Patterson, F., Carr, V., Zibarras, L. D., Burr, B., Berkin, L., Plint, S., Irish, B. & Gregory, S. (2009). New machine-marked tests for selection into core medical training: evidence from two validation studies. Clinical Medicine, 9(5), pp. 417-420.
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The objective of this study was to examine whether two machine-marked tests (MMTs), a clinical problem-solving test (CPS) and a situational judgement test (SJT, focusing on professional dilemmas), previously validated for selection into general practice (GP) training in the UK, could provide a valid selection methodology for shortlisting into core medical training (CMT). An exploratory longitudinal design was used to examine the psychometric properties of the MMTs for CMT applicants, and the correlation between MMT scores (time 1) and subsequent CMT interview outcomes (time 2). Independent samples from two consecutive years were used: in 2008 a retrospective analysis of data was used, while in 2009, doctors applying for CMT were asked to complete the MMTs for evaluation purposes. In 2008, a total of 1,711 doctors applied to both CMT and GP training and completed the MMTs. In 2009, a total of 2,265 doctors who applied for CMT completed the MMTs for evaluation purposes. The main outcome measure was the CMT applicants’ interview score. Both the CPS and SJT had good reliability and score distributions for 2008 and 2009 CMT samples, similar to the GP comparison samples. The MMTs were good predictors of performance in the CMT interviews (r0.56, p0.001 in 2008, and r0.61, p0.001 in 2009 for both MMTs combined) and offered incremental validity over the current shortlisting process. The GP MMTs offer an appropriate measurement methodology for selection into CMT, representing a significant innovation for developing selection methodology for CMT. Longer-term studies should be undertaken to assess the validity of all selection techniques used, in terms of CMT training outcome.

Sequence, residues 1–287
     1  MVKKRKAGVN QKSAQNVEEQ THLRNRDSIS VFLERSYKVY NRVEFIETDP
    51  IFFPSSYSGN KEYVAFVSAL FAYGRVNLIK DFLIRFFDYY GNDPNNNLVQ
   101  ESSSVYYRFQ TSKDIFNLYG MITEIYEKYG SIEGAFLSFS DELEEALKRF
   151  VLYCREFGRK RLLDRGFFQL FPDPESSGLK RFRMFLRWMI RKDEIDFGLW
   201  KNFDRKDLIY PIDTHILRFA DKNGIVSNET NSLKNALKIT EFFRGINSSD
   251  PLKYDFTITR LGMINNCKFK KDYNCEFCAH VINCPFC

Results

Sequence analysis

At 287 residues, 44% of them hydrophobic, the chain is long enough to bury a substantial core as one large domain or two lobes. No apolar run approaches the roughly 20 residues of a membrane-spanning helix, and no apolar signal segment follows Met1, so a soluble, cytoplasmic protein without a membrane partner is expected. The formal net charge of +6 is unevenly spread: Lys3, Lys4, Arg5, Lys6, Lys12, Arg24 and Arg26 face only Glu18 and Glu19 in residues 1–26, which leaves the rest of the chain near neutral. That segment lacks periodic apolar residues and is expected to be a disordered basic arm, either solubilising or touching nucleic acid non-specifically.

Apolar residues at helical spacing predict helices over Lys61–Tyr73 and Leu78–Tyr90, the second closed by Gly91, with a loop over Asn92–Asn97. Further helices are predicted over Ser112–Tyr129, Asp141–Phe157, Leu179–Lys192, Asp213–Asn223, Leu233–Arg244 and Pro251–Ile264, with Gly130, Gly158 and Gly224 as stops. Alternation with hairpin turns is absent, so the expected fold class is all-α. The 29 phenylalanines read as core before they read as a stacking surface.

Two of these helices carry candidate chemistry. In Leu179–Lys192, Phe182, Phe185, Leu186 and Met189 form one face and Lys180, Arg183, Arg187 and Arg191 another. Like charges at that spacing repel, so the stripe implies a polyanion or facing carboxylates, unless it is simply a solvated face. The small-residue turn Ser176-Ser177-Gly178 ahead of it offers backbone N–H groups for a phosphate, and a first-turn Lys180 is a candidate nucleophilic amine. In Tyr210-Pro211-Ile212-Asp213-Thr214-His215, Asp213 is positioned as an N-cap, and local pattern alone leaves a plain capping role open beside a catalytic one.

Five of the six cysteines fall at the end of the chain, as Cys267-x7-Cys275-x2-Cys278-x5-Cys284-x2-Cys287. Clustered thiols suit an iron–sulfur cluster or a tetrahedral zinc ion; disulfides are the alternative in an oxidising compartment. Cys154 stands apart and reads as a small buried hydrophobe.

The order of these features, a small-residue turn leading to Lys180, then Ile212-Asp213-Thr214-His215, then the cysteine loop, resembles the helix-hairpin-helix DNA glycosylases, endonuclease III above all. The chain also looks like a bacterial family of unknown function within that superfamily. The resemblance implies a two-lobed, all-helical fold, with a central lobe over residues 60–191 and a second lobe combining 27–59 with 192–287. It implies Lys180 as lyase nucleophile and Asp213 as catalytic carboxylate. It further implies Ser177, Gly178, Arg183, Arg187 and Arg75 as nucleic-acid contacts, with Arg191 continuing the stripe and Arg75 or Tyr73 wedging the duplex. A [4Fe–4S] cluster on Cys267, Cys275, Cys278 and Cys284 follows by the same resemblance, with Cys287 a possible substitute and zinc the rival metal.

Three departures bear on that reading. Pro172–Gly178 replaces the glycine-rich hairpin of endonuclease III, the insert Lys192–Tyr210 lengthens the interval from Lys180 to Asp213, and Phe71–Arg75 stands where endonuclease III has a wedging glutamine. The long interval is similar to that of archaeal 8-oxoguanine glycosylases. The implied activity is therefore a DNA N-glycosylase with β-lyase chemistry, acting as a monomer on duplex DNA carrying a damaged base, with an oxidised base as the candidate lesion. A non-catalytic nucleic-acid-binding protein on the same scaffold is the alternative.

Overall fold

|Uncontrolled Keywords:||interviews, machine-marked tests, selection, shortlisting, validity|
|Divisions:||School of Social Sciences > Department of Psychology|
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